February 17, 2022
Your first essay is in the books. Congratulations. Now the real work begins. I have evaluated all submissions for your reader-response essays, and I would like to offer some general feedback. I have left comments and notes on every submission, so you should also consider each of these carefully as you work to improve your college-level writing about literature.
Follow all directions. First and foremost, all directions must be followed. If you are required to go to the Writing Center for consultation, it is a mandatory part of the assignment. Not doing so will cost you points. This is a simple process that is designed to help you improve your writing. Please do not ignore inconvenient parts of any assignment.
Know what you’re doing. If you’re asked to write a reader-response, be sure you know what a reader-response is. In this case, Sipiora defines it in his introduction to chapter two; he provides a sample essay on pages 35–37; and he outlines an approach to writing on pages 41–45. I also have an essay on this web site that could help. In addition, when asked to format the essay according to MLA, you need to know how to do that. I have instructions with examples linked off the syllabus. Please follow these directions.
Use only valid secondary sources. Though this reader-response did not require any research, some of you included it any. Bravo! However, most of the secondary sources used, wicth some noted exceptions, are unacceptable for college-level essays, like any web sites especially ones like Spark Notes, Gradesaver, and reference sites like Wikipedia. These are fine to get some general background, but should never be cited on college essays. Period. This is lazy research. As I have said many times before, the only acceptable secondary sources to cite on your essays come from books and scholarly journals that you find through Galileo. There will be no exceptions to this rule moving forward. I understand that it takes a few more steps to access Galileo, but this is a necessary part of this course and becoming educated. See Using Library Resources for English Research for more.
Review the basics. Please review “Writing in the Liberal Arts.” All of what it covers is important, and many of you are still making basic mistakes, like dangling quotations. I have referred to this document several times, and some of you still need to review it. You also might have a look at the Editor’s Checklist, too—especially during your final proofreading before submission. This latter document cover common mechanical and grammatical issues that first-year composition students often have issues with.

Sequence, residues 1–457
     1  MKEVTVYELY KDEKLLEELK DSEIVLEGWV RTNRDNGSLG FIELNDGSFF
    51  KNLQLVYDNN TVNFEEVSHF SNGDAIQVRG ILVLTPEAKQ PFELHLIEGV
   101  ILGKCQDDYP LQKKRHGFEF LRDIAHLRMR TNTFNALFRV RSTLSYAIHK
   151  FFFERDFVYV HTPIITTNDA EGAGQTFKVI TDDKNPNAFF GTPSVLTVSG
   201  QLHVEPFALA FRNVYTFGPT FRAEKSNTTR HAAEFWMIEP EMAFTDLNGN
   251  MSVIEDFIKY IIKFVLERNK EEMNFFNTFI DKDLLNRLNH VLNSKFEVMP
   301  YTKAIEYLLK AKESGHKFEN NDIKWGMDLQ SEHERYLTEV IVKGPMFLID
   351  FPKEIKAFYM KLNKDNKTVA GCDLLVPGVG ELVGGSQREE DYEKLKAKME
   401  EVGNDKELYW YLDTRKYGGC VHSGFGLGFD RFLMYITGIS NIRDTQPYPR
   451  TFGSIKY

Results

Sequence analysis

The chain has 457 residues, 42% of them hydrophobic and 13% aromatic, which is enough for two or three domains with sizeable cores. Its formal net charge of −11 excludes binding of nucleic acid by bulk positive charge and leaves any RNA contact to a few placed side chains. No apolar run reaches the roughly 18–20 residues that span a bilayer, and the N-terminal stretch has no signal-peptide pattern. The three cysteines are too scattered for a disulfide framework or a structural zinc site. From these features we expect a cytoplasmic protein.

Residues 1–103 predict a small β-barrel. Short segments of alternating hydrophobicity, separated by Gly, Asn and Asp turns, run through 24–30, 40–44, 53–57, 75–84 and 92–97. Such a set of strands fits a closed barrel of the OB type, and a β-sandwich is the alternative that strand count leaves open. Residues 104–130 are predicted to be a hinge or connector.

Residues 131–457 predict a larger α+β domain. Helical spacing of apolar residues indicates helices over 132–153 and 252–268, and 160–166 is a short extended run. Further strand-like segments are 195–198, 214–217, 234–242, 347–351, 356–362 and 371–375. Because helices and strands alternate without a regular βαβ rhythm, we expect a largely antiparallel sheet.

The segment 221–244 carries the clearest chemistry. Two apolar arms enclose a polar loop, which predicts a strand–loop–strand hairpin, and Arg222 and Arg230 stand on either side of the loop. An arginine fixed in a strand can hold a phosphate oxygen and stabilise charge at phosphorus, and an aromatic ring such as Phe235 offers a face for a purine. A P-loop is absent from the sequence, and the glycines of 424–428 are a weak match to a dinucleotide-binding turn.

Write strong titles. Your essay titles should reflect the content of your essay. They are not perfunctory, but a necessary part of communicating just what your essay is about. Titles like “Ernest Hemingway’s ‘Indian Camp,’” or “Reader Response," or “Report 1” say nothing about your essay. See Writing Strong Titles for more details.
Do not summarize the plot. College essays are not book reports. I have read the stories; I do not need a summary. You all can do this; I get it, but I do not want to see it. That said, specific parts of the text should be used to support your assertions, but paragraphs summarizing the story should be omitted.
Leave the reader alone. Avoid putting “the reader” (or “we” or “us”) in your essay. For example, “The reader will notice that Hemingway’s prose is minimal, requiring us to use our imagination to fill in the details.” Try instead: “Hemingway’s minimalist prose requires close reading.” More succinct and accurate—Hemingway would approve.
Rewrites are intrgal to the writing process, and I encourage everyone to do them—especially before; submitting them for evaluation. However, I want to give the opportunity for you to write after evaluation, too. That said, rewrites are optional, but if you scored lower than a 70, you really should take advantage of this opportunity. You may not rewrite if you did not submit an essay to begin with. If you want to rewrite, please follow these directions:
- You may submit a rewrite at any time before the next essay is due. In this case, that’s before March 8, 2022.
- You must take the essay to the writing center for assistance on rewriting. List the top three areas that need improvement based on my feedback, and tell the tutor you want to work on those areas. If you have time after your appointment, revise and rewrite and make another appointment.
- You must actually rewrite the essay. It should be significantly different than the original, showing more than just minor grammatical and mechanical fixes.
- You must use two strong secondary sources for support (see above), even if (especially if) your original essay did not.
- You should upload your rewrite to the original assignment on D2L, marking it clearly as your rewrite.
That’s it. Your final grade for Report 1 will be an average of your original grade and your rewrite grade, so be sure to make your rewrite as strong as you can. Failure to follow any of the instructions above will render your rewrite invalid.
Questions or comments? Please post them in the Reddit thread linked below. If nothing else, please give the post an up-vote when you have read this feedback, though any participation will be noted.